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Skiing? Golf? Michigan’s Spring Has it All

May 3, 1996

TRAVERSE CITY, Mich. (AP) _ How much snow has fallen in Northern Michigan this spring?

So much that a hardware store is offering a free snow shovel with each riding lawn mower sold, and a resort is keeping ski slopes open this weekend _ even as it heralds the opening of golf season.

``Bring your clubs and your skis. You can’t go wrong,″ said Steve King, advertising manager for Boyne Mountain in the northern Lower Peninsula.

While the resort grounds were mostly clear, snow was 12 to 40 inches deep on some shady hillsides, where artificial snow was added to the natural variety until March. Eight of the 27 ski slopes are open. It’s the latest that skiing has been available at Boyne Mountain since it opened in 1948.

At least two ski resorts were open in the Upper Peninsula, parts of which were socked this week by yet another blizzard. Marquette, on the southern shore of Lake Superior, got 14 inches, bringing the seasonal total to a record 251.4 inches.

``It looks like a white carpet out there. It’s great,″ 71-year-old John Noffke, of Neenah, Wis., said Friday after a morning on the slopes at Ski Brule near Iron River.

His enthusiasm isn’t widely shared.

Northern Michigan is no stranger to long, cold winters. April weather is iffy at best. But by May, people consider a snowless ground and mild temperatures a constitutional right.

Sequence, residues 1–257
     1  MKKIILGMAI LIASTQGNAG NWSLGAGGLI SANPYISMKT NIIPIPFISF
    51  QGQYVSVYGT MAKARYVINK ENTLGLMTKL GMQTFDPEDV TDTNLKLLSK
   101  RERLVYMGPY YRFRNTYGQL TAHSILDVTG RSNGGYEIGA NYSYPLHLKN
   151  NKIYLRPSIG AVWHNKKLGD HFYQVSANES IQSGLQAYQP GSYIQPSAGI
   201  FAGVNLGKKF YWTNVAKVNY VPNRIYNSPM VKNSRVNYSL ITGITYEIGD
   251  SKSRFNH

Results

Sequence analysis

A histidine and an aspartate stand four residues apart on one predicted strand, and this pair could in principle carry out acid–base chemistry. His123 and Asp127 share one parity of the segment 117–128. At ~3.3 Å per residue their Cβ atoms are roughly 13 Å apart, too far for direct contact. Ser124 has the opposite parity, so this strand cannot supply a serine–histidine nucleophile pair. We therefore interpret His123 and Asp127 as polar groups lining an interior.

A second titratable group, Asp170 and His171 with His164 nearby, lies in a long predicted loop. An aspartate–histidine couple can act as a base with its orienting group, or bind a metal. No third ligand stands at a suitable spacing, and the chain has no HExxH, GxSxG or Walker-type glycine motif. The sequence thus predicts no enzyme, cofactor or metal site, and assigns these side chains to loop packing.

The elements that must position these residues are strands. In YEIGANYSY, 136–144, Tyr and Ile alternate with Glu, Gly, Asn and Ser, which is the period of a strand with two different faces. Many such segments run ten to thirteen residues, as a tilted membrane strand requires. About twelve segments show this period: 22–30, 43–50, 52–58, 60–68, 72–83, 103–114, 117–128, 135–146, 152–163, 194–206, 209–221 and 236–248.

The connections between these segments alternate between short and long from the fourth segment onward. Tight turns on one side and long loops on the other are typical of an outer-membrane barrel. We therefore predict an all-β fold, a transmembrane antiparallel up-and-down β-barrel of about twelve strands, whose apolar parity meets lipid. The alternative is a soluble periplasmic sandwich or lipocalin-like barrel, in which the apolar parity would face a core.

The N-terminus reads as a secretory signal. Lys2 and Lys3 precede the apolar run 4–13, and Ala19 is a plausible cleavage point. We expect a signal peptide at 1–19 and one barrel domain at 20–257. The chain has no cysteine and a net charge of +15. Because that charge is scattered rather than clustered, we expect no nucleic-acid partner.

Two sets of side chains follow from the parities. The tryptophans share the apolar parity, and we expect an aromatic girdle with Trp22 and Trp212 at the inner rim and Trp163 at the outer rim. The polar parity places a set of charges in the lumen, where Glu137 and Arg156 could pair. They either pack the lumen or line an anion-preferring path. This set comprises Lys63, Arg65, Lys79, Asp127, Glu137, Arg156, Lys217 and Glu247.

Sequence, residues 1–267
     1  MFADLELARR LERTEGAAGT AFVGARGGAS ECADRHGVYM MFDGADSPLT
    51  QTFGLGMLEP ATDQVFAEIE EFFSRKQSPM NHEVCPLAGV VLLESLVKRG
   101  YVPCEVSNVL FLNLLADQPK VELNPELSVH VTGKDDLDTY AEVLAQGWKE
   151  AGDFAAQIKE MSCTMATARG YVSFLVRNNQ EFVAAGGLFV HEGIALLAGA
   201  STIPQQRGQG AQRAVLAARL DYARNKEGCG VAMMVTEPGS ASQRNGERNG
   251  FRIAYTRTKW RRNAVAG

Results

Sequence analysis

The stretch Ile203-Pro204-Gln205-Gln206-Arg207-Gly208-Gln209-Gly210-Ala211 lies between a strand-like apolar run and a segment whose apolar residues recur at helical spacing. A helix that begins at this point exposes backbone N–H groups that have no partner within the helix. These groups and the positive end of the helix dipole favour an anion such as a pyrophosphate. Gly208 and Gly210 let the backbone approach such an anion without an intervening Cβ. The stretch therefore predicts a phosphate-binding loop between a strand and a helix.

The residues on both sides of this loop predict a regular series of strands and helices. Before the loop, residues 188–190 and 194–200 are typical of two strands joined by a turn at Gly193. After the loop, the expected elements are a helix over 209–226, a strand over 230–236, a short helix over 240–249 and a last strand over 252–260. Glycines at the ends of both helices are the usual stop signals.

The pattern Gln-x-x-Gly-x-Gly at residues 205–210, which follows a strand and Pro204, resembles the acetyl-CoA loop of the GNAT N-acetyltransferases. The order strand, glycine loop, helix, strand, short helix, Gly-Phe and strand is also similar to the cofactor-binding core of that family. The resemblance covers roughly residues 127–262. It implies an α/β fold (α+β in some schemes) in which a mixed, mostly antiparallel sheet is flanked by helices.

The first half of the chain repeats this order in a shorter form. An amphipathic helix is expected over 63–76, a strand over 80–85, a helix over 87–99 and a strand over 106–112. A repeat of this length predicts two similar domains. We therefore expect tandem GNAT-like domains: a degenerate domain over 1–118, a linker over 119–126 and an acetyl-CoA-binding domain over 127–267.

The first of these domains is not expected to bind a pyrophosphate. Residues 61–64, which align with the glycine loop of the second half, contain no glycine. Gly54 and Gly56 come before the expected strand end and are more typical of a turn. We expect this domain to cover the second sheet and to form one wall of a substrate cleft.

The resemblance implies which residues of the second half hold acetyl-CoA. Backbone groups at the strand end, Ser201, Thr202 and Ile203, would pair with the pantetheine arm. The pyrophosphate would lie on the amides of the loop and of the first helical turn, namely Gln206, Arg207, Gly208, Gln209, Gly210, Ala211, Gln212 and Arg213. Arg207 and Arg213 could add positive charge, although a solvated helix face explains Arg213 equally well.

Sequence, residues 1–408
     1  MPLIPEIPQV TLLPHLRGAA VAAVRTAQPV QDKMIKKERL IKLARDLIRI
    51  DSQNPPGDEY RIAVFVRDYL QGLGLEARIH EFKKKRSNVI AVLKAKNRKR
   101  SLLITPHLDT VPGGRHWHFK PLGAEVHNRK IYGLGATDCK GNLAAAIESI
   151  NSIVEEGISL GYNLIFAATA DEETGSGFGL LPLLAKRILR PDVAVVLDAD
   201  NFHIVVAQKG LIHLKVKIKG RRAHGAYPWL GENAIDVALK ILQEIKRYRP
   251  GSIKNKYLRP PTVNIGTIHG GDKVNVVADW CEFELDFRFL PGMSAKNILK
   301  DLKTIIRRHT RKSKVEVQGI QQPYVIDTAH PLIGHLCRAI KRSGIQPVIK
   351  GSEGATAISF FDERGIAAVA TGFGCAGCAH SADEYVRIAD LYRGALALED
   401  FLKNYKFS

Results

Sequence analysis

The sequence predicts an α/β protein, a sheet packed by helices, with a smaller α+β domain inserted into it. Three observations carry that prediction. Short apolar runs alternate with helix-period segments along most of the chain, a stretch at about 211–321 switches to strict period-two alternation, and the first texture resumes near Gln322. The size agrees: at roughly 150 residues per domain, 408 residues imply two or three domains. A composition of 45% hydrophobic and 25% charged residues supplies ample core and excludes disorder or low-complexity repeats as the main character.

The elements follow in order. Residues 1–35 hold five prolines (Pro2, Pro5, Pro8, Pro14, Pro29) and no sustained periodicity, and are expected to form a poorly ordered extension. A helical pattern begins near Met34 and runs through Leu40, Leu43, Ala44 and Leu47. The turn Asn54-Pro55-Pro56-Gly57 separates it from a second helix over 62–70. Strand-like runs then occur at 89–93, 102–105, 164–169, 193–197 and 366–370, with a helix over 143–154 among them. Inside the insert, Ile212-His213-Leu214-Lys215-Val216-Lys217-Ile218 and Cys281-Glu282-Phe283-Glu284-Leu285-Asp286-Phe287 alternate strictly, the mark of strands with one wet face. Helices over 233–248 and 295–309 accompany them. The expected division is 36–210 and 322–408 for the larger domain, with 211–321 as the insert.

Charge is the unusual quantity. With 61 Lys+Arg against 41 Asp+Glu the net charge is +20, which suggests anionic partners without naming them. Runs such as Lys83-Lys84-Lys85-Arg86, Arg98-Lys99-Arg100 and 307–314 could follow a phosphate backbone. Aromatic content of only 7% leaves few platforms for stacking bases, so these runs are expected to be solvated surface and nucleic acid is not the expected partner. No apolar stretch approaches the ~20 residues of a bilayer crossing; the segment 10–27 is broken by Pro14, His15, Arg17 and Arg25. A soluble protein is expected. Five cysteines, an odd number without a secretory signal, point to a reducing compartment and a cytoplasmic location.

Adding insult to injury, snow came earlier than usual last fall.

Ironwood, in the western Upper Peninsula, has been covered since Oct. 21. Two-foot drifts remain in nearby forests.

In the Marquette area, this is the first time since 1972 that snow has been on the ground continuously for six consecutive months, forecaster Greg Forrester said.

``I’ve lived here for most of my life except three years in Chicago, and I’ve never seen anything like this,″ said Portage Township Clerk Lynn Palo. ``We’re good at coping with bad winters up here, but we’re tired of coping.″

While winter tourism has reaped a bonanza, others have taken a financial hit.

Keeping roads plowed and potholes filled has strained local government budgets; Marquette County reported a $400,000 deficit this week. Schools will be open until mid-June making up days lost to snow.

Farmers’ planting schedules also have been thrown off and insurance claims for traffic accidents are up, said Nancy Cain, a spokeswoman for the American Automobile Association. Some Upper Peninsula rivers have flooded, damaging homes, roads and bridges.

In Hurley, Wis., just across the border from snow-covered Ironwood, a store offered a free snow shovel to anyone buying a riding lawn mower.

``It was mostly just an attention-getter,″ said Dick Grenfell, who works in the lawn and garden department of Giovanoni True Value Hardware.

``Nobody’s going to buy a riding mower just to get a snow shovel. Anyway, most people up here have snowblowers. If I had to give away all my worldly possessions, that would be the last one to go.″

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